Useful Little Gems
just love my little 4"x4" pen and ink minis! They're quick, loose, and simple. If you follow me on social media you have seen them occasionally in my posts.
I do them as part of my planning process for my larger oils. They help me to define the values of the painting, the areas of light and dark that will create the overall design. To make them, I think in terms reducing everything to only three values–dark, medium, and light–and of having uneven amounts of each. For instance. the one above has more medium value, less light value, and a smidgen of dark value.
The Big Shapes
Another advantage to making these little sketches before I paint is that they force me to identify the larger shapes in my image and not get bogged down with the distracting details. It's the big shapes and values that create the impact of the painting and that plan the movement of the viewer's eye across the canvas. By working on a small sketch with large shapes I have an opportunity to easily play around with the design before I put paint to canvas.
Fast and Loose
Since I'm not trying to create a perfect drawing, I can sketch very freely using only a few lines to indicate figures, buildings, etch. When drawing people, however, I do pay attention to where the head is over the feet, the body proportions, and the line of the shoulders. These little things often indicate posture and mood.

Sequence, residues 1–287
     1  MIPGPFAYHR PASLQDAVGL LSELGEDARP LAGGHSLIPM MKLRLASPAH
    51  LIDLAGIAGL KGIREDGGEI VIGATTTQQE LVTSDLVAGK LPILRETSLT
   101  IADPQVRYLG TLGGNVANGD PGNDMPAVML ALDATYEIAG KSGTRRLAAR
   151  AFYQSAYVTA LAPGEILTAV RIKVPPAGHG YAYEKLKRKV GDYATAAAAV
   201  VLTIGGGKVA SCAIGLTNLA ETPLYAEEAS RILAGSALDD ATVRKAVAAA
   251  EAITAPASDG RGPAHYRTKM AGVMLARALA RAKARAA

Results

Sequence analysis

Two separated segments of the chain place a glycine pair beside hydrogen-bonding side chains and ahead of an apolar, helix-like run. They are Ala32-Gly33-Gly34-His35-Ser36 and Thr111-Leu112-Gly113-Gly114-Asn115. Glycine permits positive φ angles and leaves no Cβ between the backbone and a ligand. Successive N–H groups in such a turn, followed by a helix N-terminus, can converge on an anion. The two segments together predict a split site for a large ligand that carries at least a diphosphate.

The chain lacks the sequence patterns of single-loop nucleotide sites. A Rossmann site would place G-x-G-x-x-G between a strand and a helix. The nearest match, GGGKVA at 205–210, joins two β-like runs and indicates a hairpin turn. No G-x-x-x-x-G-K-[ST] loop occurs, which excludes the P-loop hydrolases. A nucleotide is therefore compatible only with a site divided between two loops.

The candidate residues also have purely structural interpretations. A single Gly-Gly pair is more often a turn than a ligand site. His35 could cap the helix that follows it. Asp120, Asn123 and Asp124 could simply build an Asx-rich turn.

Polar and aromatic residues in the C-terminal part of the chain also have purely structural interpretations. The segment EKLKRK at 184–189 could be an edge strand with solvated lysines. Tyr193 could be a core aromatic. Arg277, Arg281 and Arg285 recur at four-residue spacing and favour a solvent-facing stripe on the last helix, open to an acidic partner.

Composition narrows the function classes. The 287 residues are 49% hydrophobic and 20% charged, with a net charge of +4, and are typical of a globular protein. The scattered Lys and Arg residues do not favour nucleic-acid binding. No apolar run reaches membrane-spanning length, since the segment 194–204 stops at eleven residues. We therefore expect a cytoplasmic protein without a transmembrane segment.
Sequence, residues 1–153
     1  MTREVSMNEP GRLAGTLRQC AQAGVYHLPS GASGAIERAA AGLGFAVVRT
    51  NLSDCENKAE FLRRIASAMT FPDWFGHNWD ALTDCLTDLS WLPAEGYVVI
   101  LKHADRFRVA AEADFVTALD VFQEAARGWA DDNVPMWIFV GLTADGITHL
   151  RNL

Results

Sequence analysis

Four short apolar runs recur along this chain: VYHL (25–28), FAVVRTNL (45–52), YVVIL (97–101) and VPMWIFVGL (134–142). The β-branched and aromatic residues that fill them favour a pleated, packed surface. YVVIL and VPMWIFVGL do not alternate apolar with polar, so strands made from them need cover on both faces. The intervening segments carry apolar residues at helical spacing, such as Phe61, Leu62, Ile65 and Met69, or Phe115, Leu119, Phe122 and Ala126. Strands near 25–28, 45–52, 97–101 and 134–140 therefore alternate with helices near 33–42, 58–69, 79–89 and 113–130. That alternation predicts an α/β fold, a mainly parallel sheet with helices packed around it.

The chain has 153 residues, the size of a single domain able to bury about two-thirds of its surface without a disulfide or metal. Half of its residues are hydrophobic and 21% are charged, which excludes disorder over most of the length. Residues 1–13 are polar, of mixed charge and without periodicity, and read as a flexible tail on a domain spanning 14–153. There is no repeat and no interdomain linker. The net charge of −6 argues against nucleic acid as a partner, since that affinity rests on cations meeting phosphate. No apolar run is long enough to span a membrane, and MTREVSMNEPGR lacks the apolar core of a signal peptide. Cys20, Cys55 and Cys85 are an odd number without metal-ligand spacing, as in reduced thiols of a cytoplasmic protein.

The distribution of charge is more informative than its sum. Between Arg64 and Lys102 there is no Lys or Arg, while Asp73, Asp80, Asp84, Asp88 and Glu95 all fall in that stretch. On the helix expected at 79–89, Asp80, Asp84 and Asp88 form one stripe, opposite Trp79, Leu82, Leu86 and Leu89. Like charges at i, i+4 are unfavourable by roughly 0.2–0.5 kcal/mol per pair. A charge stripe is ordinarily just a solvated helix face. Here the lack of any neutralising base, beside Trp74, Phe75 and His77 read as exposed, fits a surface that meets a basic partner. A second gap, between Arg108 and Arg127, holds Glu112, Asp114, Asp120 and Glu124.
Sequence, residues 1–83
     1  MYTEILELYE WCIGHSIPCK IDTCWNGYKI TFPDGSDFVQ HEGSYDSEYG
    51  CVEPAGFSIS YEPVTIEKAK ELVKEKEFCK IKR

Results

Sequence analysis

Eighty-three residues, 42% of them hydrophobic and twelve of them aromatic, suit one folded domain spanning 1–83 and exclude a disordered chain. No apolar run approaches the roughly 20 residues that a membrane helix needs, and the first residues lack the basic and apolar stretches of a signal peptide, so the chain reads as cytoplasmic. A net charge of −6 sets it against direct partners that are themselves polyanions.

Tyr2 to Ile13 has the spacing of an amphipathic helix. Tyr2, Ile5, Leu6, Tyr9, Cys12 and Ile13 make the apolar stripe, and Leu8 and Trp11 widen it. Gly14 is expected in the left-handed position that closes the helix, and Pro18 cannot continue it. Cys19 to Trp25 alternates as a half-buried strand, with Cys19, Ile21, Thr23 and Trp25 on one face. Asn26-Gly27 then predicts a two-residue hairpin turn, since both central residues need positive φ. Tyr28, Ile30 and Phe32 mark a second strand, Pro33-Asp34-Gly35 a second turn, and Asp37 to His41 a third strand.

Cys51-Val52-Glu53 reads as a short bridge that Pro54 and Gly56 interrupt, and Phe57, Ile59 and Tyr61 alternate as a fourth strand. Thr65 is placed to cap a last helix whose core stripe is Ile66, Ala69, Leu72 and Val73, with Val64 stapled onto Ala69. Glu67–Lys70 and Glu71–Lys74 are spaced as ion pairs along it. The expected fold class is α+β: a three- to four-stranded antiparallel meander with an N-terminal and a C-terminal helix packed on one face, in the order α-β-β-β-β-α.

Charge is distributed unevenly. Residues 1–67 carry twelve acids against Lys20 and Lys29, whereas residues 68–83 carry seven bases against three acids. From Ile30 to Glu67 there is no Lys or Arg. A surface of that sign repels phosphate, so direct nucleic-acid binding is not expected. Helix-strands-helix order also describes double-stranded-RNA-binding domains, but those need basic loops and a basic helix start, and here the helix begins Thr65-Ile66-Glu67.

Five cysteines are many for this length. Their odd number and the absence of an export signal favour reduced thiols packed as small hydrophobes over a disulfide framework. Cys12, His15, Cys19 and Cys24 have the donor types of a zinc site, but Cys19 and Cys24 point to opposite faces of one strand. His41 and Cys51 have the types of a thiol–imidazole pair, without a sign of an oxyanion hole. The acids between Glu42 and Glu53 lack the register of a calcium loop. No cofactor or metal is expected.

Love Those Sharpies
I work with three different thickness of markers to add texture. My favorite pens are Sharpies because they give a rich dark line. I don't, however, like how they bleed through the back of the paper. But they make such a nice line, I forgive them.
This viewpoint of this sketch is unusual for me, as it's from above. I liked the strong angles of the stairs against the water's edge, and the big repeated shapes of the umbrellas.
In this sketch the placement of the darks draws your eye around the painting. You enter the painting in front of the figures, travel left to the water, and then follow the line of the trees to the right and then left up the hill.
Here your eye starts with the large church against the water, then moves downwards and right following the trees to finally focus on the foreground figures.
I hope you enjoy my little sketches. Please let me know what you think!
I'm Linda Hugues and I paint cityscapes from my travels in Europe and my home in Florida. Here on my monthly blog I write about everything related to my art life, in and out of the studio. Enjoy!